Clinton aide Solis Doyle tells her career history

By
Tuesday, March 17, 2009

Patti Solis Doyle: longtime aide and campaign manager for now-Secretary of State Hillary Clinton, the first Latina to manage a presidential campaign and one-time campaign chief of staff for the candidate Barack Obama’s future vice president. She may have an impressive resume now, but Solis Doyle’s credentials have been hard-won.

In Salomon 101 last night, Solis Doyle, a child of Mexican immigrants, delivered the opening convocation for Latino History Month, spearheaded by the Third World Center. In keeping with this year’s theme, “Unlocking the Present: Shaping the Future, Honoring Our Past,” her lecture charted her path from a difficult adolescence through her contributions to the 2008 presidential election.

Solis Doyle began her political career working in the offices of Chicago Mayor Richard Daley, She made her way through the ranks and was soon hired as the sole aide for would-be first lady Hillary Clinton during Bill Clinton’s 1992 run for president. Solis Doyle said she established a close relationship with Hillary Clinton during that first campaign and continued to work with her for many years, through Clinton’s bid for president in 2008.

Solis-Doyle resigned from the campaign during the 2008 primaries after she became the focus of negative media attention.

In response to accusations that she was too aggressive and foul-mouthed, Solis Doyle shrugged off the criticisms. “Do I always have the vocabulary of an altar boy? Not so much. Do I like to win? Yes,” she said last night.

Despite her ultimate resignation, she said, “I am proud of the race we ran … I’m proud of the 18 million votes she got … I am especially proud of the role Hispanic voters played.”

Solis Doyle later ended up as the campaign chief of staff for the potential vice president of the Obama campaign. Her position involved securing venues, travel arrangements and speeches for the five Democratic vice-presidential hopefuls.

Though she did not speak much on her short-lived work with the Obama campaign, Solis Doyle said she is proud of his historic run and her role in it. “For me I took pride in my role as a top Hispanic aide,” she said.

Solis Doyle credited her strong work ethic to her father, Santiago Solis, a Mexican immigrant.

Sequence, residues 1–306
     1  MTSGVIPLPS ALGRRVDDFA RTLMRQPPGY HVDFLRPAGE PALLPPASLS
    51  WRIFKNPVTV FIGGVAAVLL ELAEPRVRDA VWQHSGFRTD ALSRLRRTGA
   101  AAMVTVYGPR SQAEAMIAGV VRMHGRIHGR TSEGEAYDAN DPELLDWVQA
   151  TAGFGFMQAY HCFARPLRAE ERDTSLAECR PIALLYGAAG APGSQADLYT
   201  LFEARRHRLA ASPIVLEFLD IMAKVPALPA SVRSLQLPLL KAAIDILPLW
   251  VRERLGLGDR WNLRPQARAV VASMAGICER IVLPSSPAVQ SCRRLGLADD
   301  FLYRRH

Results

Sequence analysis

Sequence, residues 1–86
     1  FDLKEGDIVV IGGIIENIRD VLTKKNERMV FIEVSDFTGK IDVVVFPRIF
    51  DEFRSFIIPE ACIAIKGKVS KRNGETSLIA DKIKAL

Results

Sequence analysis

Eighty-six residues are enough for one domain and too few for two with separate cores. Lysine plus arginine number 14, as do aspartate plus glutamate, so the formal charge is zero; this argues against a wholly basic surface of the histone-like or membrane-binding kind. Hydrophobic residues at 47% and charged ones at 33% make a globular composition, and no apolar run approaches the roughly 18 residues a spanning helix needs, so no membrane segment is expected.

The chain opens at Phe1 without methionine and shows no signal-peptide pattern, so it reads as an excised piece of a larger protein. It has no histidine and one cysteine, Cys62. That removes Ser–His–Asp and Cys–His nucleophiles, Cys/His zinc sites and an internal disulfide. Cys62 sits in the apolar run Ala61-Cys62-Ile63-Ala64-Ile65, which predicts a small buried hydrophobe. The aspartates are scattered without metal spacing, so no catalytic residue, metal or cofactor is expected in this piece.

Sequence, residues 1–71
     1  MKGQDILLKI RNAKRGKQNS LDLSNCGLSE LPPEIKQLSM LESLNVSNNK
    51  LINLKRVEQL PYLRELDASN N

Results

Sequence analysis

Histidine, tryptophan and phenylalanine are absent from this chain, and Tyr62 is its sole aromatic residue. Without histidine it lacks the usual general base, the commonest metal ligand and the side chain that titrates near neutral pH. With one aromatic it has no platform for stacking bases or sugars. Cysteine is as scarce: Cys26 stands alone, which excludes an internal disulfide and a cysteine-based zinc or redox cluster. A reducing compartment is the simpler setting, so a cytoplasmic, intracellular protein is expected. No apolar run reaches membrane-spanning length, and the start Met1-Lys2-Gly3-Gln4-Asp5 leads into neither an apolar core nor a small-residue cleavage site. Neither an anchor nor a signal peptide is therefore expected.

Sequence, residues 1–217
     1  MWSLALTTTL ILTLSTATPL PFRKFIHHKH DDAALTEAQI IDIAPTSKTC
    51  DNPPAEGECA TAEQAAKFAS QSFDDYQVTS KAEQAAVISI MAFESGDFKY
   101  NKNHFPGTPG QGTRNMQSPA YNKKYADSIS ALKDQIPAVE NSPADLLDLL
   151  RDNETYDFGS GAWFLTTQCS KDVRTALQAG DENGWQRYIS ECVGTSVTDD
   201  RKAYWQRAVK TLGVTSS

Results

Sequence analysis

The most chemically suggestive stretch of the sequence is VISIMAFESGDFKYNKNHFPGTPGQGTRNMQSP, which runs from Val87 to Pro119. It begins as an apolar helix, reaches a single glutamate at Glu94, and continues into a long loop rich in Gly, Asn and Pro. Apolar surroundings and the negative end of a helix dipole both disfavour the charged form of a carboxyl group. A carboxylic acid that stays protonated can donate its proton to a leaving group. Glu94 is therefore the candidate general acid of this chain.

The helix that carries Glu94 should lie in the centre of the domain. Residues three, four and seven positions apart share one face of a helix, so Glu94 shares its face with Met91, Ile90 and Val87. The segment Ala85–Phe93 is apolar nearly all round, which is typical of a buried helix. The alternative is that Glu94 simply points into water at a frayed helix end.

“Hazte valer – value yourself, work hard and never do anything to embarrass yourself and your family.” Solis Doyle repeated her father’s creed often throughout her talk and said, “It is still the best advice I have ever been given.”

Solis Doyle described her father as a determined man, who was deported twice after attempts to immigrate to the United States. His third attempt at citizenship was successful, and he and his family settled into the Pilsen neighborhood of Chicago.

Though her parents both worked hard at multiple jobs, Solis Doyle estimated that they never made more than $18,000 a year combined. Despite the family’s economic hardship, Solis Doyle worked hard in school and was able to obtain a scholarship to Northwestern University.

“To me, school was one world, home was another,” Solis Doyle said. “In some ways it felt as far as Mars.” Despite her enthusiasm for her education, the conflict between her home life and the pressures of school ultimately led Solis Doyle to lose her scholarship. She dropped out of school temporarily, married at the age of 19 and was divorced by 21. Eventually she returned to Northwestern to finish her degree.

It was through the influence of her brother, Daniel Solis – a Chicago city council alderman – that Solis Doyle was able to make connections and establish herself in the political arena. Solis Doyle said she was inspired to continue working in politics by “the power of organizing ordinary people to do extraordinary things.”

Students reacted positively to Solis Doyle’s talk. “I thought she was very down to earth,” Ashtin Charles ’12 said. “Her ability to connect with people, minority people, was profound so the audience could really relate.”

“I thought she was excellent and wonderfully combined personal anecdotes with examples from her political activism and professional life in a stirring review and tribute of past, present and current contributions of the Latino community,” Morgan Ivens ’12 said.

After Solis Doyle’s talk, the floor was opened up for a question and answer session. Solis Doyle dispensed advice from her experience as a political operative. When an audience member asked why she thought the Republicans were less successful than the Democrats in the past election, Solis Doyle spoke of the importance of the Hispanic media team in the campaigns.

Other questions also returned to the importance of Solis Doyle’s ethnicity to her political life. When asked how she balances her cultural and professional roles, she responded, “You can’t really hide who you are or what you are, its a fool’s errand.”